The cutting is completely optional and is only for those who want to grow ginger in multiple pots or have more than one plant. Make sure to use clean/sanitized shears. The pieces should not be smaller than 2.5cm (1 inch) wide, with one or more eyes that can grow into a separate plant.

After cutting, leave the pieces to dry and heal for a few days. They will form a callus over the cut surface to reduce infection risks. For each of the pieces, you will need 20cm (8 inches) of space. To save space, plant larger pieces with a better chance of sprouting.

Soil preparation

Ginger doesn’t do well unless you have high-quality and well-draining soil. A mixture of garden soil mixed with well-rotted compost in a 1:1 ratio is a great way to start when you are unsure. If your soil is of poor quality and heavily made of clay, consider buying potting soil.

To make sure that the ginger is well into the green-fingers phase before putting it under the soil, use a starting tray of coconut fibre or sphagnum moss. Because of their excellent drainage, they prevent rot in young ginger plants.

After the tray gets to the leaves and roots stage, you will need to transplant the ginger, which can be difficult on the plant. To make the transition easier, you will need to keep the soil at a temperature of 21 degrees Celsius at first. This can be achieved using a heat mat or other heat sources.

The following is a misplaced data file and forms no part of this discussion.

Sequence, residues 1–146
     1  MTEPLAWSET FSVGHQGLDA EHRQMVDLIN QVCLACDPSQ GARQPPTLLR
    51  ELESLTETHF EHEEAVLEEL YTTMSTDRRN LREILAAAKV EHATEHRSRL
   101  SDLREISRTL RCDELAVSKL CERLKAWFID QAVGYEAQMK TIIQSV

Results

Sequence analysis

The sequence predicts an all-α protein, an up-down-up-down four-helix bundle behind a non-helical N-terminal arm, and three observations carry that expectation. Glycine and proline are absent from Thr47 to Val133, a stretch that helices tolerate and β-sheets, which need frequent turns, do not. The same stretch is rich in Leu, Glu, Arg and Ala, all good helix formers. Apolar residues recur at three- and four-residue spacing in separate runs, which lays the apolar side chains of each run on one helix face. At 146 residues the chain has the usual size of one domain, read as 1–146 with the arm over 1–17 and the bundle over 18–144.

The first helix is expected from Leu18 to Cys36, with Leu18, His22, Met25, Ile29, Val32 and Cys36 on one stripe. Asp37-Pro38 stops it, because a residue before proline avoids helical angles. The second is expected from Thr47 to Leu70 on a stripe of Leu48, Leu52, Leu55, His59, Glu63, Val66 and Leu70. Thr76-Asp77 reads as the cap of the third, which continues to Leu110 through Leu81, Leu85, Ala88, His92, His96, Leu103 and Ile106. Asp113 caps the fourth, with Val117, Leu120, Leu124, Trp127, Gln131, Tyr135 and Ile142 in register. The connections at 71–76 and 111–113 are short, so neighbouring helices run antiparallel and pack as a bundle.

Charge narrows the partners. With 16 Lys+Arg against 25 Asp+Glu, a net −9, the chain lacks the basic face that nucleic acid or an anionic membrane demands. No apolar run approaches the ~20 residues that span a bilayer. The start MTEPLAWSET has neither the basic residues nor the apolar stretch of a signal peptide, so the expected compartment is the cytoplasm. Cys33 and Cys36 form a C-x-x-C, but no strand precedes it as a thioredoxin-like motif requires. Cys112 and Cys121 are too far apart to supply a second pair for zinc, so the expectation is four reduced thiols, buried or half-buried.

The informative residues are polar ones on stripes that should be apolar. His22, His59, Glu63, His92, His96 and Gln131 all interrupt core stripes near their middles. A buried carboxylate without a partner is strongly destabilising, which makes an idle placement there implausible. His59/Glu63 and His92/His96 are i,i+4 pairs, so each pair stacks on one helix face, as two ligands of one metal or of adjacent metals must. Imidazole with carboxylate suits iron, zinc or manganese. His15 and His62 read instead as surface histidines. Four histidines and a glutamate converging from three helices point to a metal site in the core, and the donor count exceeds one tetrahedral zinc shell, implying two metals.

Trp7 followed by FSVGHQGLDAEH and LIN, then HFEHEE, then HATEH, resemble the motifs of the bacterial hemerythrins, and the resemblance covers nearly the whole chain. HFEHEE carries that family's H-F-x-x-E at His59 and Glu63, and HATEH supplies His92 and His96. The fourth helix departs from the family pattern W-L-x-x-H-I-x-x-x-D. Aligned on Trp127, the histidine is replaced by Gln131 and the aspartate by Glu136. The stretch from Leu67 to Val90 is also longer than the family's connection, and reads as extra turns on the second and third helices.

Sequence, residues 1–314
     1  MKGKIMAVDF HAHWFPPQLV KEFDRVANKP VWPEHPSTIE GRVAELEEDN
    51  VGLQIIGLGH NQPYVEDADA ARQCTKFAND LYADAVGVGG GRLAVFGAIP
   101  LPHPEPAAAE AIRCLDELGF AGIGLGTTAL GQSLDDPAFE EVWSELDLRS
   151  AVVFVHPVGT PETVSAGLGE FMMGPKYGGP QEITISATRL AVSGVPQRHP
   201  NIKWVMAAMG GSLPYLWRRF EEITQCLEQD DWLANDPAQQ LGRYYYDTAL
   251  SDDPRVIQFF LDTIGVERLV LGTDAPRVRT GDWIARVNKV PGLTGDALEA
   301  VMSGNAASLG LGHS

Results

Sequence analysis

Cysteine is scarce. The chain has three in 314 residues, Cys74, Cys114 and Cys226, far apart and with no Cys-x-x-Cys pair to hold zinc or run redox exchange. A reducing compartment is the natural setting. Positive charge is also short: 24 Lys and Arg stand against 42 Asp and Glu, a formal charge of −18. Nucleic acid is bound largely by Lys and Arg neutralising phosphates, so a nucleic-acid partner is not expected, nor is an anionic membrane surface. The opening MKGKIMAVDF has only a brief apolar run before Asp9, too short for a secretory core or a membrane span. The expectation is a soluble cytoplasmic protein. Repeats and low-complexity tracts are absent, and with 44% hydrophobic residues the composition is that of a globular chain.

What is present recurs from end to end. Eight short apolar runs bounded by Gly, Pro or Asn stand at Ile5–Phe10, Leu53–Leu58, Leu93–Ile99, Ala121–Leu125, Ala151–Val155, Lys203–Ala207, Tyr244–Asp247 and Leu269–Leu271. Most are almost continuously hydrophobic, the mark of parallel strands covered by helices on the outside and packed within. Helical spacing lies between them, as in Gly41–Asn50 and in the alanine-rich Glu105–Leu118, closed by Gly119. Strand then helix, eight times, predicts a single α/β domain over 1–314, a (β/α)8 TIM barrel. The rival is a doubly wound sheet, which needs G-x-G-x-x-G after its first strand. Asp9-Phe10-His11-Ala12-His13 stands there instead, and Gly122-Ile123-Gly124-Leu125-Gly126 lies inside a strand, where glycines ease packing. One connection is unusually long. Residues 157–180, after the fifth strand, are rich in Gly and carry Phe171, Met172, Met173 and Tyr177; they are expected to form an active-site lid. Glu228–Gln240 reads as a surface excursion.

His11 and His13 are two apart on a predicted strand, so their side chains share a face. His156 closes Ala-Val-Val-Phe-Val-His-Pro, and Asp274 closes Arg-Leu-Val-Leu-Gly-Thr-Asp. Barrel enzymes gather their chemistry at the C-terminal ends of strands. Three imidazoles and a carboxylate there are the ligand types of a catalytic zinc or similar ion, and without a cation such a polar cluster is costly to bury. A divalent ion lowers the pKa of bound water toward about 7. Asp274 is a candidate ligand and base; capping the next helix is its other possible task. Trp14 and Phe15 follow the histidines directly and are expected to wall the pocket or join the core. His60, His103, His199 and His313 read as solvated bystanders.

Ginger does well in mildly acidic soil, which is why you should keep the potting mix at between 6.1pH and 6.5pH. To measure the pH, get a garden store pH kit with the proper tools in it.

Location scouting

Ginger grows well in the full shade where it only gets the morning sun. In areas colder than the tropics, ginger should be given 2 to 5 hours of direct sunlight to compensate for the cooler weather.

Keep it away from other large roots, if you plant it in the ground. The location needs to be sheltered from the wind so the humidity is higher than usual but not too wet.

If the ginger plant has not germinated, the potting soil needs to be kept at between 22-25 degrees Celsius. The pots themselves need to be at least 30cm (12 inches) deep. A plastic pot is usually better than other materials, as long as you have drainage holes.

Planting ginger in a pot

Planting ginger

With the buds pointing up (to make the trip to the surface efficient), plant each piece of ginger (2-5inches or 5-10cm) below loose soil. If you pack it, the buds may be hampered. If you plant in the ground in rows, keep the distance between each piece at a minimum of 20cm (8 inches) apart.

How to care for your growing ginger

As it grows, ginger needs the care to thrive and reach maturity in the shortest time possible. Here’s how you do it.

Keep the soil moist/damp

After planting or replanting the ginger rhizomes into the soil, water it lightly to keep it moist. Check on it daily and water it before it completely dries out. However, make sure that you don’t overwater it as this might damage it.

Germination watch